‘Big rush’ on sewage megaproject angers Esquimalt mayor

Esquimalt’s mayor is surprised and angry at a sudden push for bids on Greater Victoria’s sewage treatment megaproject, fast-tracked by a secret vote this week.

Companies that want to bid on the first phase of the project — a McLoughlin Point treatment plant — are being asked to submit their experience and financial capabilities as part of a request for qualifications issued by the Capital Regional District’s sewage committee after an in-camera vote on Wednesday.

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The move caught several politicians off guard because the request for qualifications was supposed to be developed and issued by an independent commission of experts.

“I was very concerned that we were reviewing this document without having our experts do the review first,” said Esquimalt Mayor Barb Desjardins, one of a handful of politicians to vote against the move.

“It’s not going to be very long before we have that commission in place. What is the big rush? Why is this being pushed so hard?”

The creation of the seven-person commission — a requirement of the B.C. government’s one-third share of the $783-million sewage treatment project — has been delayed by at least four months due to a fight over whether the CRD would have approval power over tendering documents.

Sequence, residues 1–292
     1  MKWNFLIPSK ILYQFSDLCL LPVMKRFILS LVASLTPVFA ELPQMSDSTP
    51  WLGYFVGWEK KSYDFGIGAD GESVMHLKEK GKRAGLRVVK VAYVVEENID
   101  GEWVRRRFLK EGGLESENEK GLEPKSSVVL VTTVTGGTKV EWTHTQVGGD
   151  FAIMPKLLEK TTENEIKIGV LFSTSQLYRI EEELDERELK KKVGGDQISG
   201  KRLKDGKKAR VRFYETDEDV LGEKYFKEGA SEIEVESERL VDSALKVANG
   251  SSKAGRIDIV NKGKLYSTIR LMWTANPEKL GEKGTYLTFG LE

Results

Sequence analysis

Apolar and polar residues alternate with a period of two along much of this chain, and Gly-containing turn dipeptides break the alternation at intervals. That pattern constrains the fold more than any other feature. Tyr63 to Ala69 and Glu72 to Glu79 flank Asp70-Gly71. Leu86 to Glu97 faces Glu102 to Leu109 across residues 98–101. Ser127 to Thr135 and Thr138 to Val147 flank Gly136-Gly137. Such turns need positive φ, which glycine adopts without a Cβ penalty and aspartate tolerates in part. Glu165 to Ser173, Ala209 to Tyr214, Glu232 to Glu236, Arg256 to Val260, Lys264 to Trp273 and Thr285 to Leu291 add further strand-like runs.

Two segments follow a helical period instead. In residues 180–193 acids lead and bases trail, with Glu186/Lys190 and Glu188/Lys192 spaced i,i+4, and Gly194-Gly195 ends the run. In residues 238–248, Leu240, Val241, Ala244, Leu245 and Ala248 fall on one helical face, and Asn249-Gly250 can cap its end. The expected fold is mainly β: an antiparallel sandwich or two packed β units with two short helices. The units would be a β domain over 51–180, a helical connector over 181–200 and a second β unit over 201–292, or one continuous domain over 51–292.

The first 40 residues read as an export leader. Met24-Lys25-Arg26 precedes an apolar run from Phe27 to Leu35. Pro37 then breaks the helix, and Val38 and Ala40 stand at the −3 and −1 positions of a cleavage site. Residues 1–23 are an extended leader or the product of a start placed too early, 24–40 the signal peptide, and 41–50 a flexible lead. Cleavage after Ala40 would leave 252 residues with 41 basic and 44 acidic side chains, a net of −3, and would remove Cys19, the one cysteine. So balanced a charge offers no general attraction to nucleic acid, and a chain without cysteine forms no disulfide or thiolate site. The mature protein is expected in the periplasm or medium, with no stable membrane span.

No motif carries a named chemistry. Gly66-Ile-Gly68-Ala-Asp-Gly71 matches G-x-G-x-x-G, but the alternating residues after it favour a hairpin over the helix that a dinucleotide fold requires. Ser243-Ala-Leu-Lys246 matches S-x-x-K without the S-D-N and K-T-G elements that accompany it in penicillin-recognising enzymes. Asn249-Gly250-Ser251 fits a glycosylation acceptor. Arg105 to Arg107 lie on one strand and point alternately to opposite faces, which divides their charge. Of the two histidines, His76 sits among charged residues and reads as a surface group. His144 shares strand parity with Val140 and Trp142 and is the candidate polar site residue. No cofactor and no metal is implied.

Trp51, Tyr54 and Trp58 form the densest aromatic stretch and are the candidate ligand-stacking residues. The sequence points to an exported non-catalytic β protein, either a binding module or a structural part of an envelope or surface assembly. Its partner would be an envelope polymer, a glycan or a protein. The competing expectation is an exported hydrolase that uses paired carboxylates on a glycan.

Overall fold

“There’s been delays in getting the commission in place, and because the McLoughlin facility is on the critical path to get the project completed, we went to the committee and the board and recommended moving ahead to get the [request for qualifications] out,” said Jack Hull, interim project director.

The CRD hopes the commission will be operating within weeks, and able to amend and approve the request for qualifications before it closes in May, Hull said.

Three companies are expected to be short-listed to bid by the end of the year, with work beginning in spring 2014, he said.

Construction costs continue to rise, Hull said, and the CRD wants to hire companies before beginning other major Island projects — such as John Hart dam upgrades in Campbell River, the Johnson Street Bridge replacement in Victoria and two new north Island hospitals.

“That’s not a reason to undo the appropriate process,” said Desjardins, who said things are moving too quickly.

The call to companies comes before the CRD has completed its design guidelines for the McLoughlin facility. An early mock-up of the plant, to be located on the harbour, was criticized last month as an eyesore.

Politicians had hoped the tendering process would provide innovative new ideas and technology for treatment.

But neither design nor innovation is part of the request for qualifications, Hull said. That will come during the short-list process later this year.

The McLoughlin contract involves the treatment plant (with a capital cost estimated at $210 million), as well as underwater pipes.

The CRD is expected to issue an request for qualifications for its biosolids facility this fall, to be followed by a contract for upgrades to pipes and pumping stations. The entire project is slated to be completed by 2017-18.


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